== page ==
Posted on February 27, 2009 4:56 AM
By Adam Clark
Collegian Staff Writer
On Feb. 23, 2006, Penn State student Youngcheol Park went to his friend's house to watch a movie and do his homework. Five days later, police entered the house and found his body.
Park's friend, Andrew Rogers, testified in court that he killed Park, but insisted he acted in self-defense when a mysterious third man instigated a fight.
Despite Rogers' claims, he was convicted of third-degree murder in April 2007. His story was a source of controversy, as Centre County District Attorney Michael Madeira questioned the validity of Rogers' story and the existence of the third man. However, evidence has surfaced that defense attorneys argue supports Rogers' claims, and in December he was granted a new trial.
Much more at link:
Bail Set At $500,000 For Rogers
January 06, 2009 9:26 AM
According to the Daily Collegian, Centre County Judge Bradley Lunsford set Andrew Rogers' bail at $500,000 Monday, the full amount suggested by District Attorney Michael Madeira.
The high bail was too high for the man formerly convicted of the murder of a Penn State student in 2006. However, the prosecution was ordered to turn over new materials which the defense believes could help prove the existence of a mysterious third party the night of the murder. Lunsford also released funds for a new medical investigation into the death.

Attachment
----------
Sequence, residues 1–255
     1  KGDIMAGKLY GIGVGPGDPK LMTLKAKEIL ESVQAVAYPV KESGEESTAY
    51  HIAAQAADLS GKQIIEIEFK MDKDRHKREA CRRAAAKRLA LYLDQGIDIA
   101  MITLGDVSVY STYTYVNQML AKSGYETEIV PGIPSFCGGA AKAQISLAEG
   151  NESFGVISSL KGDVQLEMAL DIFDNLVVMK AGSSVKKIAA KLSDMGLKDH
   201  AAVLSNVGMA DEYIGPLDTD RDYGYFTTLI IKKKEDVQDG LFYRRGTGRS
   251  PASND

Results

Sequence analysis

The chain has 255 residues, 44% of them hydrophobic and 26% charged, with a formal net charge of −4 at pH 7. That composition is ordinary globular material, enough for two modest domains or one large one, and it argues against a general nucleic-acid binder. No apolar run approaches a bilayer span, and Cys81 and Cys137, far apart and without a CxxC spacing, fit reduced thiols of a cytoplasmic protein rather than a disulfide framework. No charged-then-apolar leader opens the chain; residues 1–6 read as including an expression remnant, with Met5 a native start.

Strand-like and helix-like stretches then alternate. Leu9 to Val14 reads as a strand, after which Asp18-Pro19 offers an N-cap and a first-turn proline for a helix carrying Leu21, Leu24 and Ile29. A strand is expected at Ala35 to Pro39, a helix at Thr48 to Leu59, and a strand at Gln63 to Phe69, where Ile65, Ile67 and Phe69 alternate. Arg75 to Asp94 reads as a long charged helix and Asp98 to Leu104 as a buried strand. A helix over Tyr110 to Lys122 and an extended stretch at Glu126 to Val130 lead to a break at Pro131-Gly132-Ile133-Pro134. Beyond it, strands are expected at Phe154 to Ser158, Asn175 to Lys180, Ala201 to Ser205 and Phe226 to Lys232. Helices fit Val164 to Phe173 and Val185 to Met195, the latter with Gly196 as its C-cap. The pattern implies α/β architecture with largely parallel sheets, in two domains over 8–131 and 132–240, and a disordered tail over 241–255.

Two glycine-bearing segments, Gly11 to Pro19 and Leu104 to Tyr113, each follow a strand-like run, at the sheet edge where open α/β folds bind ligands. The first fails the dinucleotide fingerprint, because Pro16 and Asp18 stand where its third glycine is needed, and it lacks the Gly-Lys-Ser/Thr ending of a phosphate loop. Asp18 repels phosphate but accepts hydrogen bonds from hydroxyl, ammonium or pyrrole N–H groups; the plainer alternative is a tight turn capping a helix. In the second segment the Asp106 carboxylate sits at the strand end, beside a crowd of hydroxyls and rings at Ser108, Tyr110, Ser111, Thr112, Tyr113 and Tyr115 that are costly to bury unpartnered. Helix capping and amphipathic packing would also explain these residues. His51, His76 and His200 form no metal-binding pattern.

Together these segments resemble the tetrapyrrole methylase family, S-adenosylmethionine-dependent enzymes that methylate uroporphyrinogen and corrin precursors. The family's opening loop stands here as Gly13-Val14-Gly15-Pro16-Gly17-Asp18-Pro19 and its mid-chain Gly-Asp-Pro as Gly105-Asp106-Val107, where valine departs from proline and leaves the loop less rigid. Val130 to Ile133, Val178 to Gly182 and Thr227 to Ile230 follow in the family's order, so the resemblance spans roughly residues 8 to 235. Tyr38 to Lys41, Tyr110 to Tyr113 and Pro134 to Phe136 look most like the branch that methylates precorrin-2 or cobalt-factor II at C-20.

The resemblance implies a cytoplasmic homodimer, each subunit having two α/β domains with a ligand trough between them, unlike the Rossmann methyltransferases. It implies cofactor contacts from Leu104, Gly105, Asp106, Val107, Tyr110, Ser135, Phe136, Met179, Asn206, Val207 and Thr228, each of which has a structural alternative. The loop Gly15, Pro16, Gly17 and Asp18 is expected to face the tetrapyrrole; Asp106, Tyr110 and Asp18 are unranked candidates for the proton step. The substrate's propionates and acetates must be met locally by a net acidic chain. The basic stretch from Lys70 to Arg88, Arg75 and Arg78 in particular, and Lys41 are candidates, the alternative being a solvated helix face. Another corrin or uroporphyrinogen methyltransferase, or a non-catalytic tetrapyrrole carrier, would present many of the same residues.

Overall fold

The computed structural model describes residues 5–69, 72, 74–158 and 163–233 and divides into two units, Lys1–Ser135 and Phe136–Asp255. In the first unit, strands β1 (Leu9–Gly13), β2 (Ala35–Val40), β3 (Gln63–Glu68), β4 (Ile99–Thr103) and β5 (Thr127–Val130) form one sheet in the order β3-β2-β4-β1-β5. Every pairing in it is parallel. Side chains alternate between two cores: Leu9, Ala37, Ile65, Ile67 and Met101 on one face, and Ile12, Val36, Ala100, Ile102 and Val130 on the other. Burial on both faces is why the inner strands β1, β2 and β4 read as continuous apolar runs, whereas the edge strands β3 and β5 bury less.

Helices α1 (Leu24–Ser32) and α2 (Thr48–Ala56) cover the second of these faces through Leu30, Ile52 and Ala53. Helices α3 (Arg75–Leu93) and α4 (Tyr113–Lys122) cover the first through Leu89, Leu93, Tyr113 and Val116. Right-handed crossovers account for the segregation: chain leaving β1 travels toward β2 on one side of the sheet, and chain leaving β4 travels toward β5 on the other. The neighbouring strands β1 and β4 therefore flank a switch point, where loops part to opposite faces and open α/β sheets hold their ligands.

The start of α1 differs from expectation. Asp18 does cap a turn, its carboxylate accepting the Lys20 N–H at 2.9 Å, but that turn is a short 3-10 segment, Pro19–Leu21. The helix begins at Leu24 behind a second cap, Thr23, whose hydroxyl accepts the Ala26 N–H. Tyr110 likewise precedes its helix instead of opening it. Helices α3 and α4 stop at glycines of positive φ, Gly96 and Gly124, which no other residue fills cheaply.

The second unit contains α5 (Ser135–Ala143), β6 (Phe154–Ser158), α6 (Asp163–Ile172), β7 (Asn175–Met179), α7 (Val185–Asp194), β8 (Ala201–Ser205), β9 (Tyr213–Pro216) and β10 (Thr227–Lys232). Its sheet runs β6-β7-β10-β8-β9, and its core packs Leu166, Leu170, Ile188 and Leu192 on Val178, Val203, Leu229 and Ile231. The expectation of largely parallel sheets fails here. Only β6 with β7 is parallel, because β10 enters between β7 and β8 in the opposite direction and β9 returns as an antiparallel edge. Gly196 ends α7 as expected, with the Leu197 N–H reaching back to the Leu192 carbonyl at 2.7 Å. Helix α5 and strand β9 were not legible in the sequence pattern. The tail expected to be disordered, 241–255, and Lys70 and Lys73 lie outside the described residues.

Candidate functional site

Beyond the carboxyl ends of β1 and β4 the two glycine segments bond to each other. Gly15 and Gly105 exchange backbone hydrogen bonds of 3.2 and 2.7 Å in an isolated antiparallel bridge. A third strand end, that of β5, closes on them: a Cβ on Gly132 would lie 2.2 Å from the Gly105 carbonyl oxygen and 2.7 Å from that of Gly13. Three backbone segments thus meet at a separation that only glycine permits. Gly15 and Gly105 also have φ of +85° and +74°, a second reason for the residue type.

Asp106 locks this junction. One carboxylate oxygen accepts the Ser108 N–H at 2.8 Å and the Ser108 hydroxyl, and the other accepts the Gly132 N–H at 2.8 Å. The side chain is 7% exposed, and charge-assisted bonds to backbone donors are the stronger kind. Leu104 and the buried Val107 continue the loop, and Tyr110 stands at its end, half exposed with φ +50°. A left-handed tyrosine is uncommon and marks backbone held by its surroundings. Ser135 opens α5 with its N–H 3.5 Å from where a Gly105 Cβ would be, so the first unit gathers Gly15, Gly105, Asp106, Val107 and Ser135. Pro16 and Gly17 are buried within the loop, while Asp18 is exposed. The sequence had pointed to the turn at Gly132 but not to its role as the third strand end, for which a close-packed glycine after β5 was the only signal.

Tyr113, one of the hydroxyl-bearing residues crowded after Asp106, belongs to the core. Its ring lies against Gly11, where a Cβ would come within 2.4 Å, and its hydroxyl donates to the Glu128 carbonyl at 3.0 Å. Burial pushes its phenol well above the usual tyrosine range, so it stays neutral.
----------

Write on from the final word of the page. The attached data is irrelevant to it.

Throughout his trial, Rogers maintained a third man known as "Sweet" instigated a fight, forcing him to kill Youngcheol Park in self-defense.
Rogers' attorneys seek dismissal
Move likely to delay resolution for case until next year
Sara Ganim- email@example.com
Thursday, Sep. 24, 2009
BELLEFONTE — Attorneys for Andrew Rogers are appealing to the Superior Court to have his third-degree murder case dismissed on grounds of prosecutorial misconduct — a move that will likely delay any resolution of the case until next year.
Andrew Rogers’ retrial on the charges was scheduled to begin Oct. 19. He is accused of beating to death 24-year-old Penn State student Youngcheol Park in a cocaine- fueled rage in Rogers’ Nimitz Avenue home in 2006.
Judge Bradley P. Lunsford ordered Rogers receive a new trial after learning that prosecutors had not provided Rogers’ attorneys with information that could have bolstered his argument of self-defense.
However, he rejected the defense attorneys request to throw out the case on double jeopardy grounds last week, saying District Attorney Michael Madeira’s mistake was an act of “seriously poor judgment” but there was no evidence it was intentional.
A formal continuance for the trial was signed by Lunsford this week as well, after the court learned that experts who are needed to testify wouldn’t be available on the scheduled trial dates.
Lunsford has asked the attorneys involved not to discuss the case.
Andrew Rogers is currently housed at SCI Greene.